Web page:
There is “much that needs to be improved” in the Indigenous Languages Act, says Ronald E. Ignace, but the federal legislation provides a starting point.
“One of the things in the co-development of the act, one of the things that we wanted to ensure, is that the act be like a living agreement, that it will grow with us through time,” said Ignace.
He was appointed in 2021 as Canada’s first commissioner of the Office of the Commissioner of Indigenous Languages (OCIL). His appointment came two years after the Indigenous Languages Act was passed. And only this past June was the commission’s head office officially opened in Ottawa.
The legislation recognizes the “rights of Indigenous peoples related to Indigenous laws,” but its power comes in the implementation process, says Ignace.
“What will bring back our languages is what Indigenous people, leaders and Canada do with that legislation. That will lead to transformative change to our languages. That will give voice to our traditions, customs and laws on the land,” he said.
Ignace is clear that it is not the role of the commissioner’s office to determine how the act will grow and change. His office will ensure that the Heritage minister, under whose department the legislation falls, consults with Indigenous people, who will “define what the needs are going forward (and) the commission will be there to support them in that endeavour.”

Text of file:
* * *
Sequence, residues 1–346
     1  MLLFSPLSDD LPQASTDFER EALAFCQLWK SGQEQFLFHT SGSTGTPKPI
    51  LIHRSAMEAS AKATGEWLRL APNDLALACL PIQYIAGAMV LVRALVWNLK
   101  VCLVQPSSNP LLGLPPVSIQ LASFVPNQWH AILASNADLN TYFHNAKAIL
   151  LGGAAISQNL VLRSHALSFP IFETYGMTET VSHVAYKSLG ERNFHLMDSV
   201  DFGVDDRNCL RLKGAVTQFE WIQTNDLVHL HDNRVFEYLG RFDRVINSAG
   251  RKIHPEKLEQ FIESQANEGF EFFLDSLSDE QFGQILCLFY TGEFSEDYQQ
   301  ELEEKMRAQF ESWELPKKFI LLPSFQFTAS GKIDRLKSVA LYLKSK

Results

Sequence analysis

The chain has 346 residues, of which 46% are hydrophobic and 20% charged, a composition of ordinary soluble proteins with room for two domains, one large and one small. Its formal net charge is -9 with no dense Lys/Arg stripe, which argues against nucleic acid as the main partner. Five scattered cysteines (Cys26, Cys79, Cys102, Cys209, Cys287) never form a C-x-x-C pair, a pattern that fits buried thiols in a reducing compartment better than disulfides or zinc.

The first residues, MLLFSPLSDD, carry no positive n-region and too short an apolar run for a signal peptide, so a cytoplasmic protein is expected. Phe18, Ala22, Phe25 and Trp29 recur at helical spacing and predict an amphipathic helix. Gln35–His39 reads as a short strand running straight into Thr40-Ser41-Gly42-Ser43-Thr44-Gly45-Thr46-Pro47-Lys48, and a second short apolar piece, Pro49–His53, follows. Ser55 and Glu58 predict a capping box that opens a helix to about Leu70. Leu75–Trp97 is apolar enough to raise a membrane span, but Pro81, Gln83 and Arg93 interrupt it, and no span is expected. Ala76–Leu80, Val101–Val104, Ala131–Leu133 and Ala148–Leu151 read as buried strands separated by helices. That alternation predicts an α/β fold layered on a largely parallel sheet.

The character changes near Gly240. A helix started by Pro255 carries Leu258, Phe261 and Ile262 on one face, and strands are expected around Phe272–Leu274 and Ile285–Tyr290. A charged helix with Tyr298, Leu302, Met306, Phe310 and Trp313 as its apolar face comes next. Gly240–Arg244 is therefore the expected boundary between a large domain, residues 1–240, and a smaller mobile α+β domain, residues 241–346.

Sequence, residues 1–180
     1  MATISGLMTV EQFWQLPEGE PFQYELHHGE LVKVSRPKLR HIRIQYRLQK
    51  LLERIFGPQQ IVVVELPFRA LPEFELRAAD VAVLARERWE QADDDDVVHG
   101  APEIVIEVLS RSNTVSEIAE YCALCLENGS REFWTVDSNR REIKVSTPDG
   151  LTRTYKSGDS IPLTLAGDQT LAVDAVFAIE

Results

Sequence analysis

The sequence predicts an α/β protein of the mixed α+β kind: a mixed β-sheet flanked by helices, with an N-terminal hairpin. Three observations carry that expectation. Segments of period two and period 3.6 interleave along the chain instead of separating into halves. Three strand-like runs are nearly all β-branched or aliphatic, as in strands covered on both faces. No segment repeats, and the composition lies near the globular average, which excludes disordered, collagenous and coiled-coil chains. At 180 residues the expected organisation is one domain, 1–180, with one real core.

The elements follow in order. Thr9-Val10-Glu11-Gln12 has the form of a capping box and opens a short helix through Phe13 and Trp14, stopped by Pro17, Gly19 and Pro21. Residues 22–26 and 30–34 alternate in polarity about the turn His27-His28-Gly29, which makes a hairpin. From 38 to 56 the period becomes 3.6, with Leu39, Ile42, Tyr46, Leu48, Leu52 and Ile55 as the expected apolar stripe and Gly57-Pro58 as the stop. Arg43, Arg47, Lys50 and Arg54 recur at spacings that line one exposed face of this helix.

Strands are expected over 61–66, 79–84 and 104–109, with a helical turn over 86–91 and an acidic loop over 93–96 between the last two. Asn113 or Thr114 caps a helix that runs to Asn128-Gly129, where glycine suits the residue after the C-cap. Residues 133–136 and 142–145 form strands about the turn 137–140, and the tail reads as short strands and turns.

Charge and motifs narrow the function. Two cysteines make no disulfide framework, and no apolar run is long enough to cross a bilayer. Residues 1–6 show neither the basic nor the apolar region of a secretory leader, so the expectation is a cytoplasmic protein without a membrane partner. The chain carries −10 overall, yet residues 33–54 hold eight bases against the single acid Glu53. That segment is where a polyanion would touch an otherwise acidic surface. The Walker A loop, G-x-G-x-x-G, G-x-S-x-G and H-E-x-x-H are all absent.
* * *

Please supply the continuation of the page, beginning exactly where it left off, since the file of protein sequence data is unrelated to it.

And among those needs is adequate, sustainable, and long-term funding. Indigenous languages programs are currently funded by proposals on an annual basis.
More funding needed
At the first national meeting hosted by the commission in September on the traditional territory of the Tk’emlups te Secwépemc, Ignace heard what he’s been hearing for years: Funding has to change.
It was the same message he received in his previous positions as chair of the Ministerial Task Force on Aboriginal Languages and Cultures (2003-2005).
In 2016 to 2021, Ignace served as advisor to then Assembly of First Nations National Chief Perry Bellegarde on Indigenous languages and ‘co-development’ to make sure Metis and Inuit were well engaged as co-partners in the language legislation.
And the difference now, he says, is that there is legislation.
Legislation commits the government to go to Treasury Board and begin to be engaged in the resourcing of Indigenous languages.
“Up until then it’s (been) up to the goodwill of the government,” said Ignace.
However, he admits, legislation that urges funding doesn’t solve the issue entirely as the government battles “huge deficits” because of economic stimulation during the coronavirus pandemic.
“I’m always hopeful that the government will recognize that if they are to achieve reconciliation that they have to invest in our languages and in the revitalization of our languages, because our language is tied to the land and it is important to our life,” said Ignace.
On top of that, he says in his OCIL 2021-2022 inaugural annual report, the legislation lacks a definition for “adequate” funding.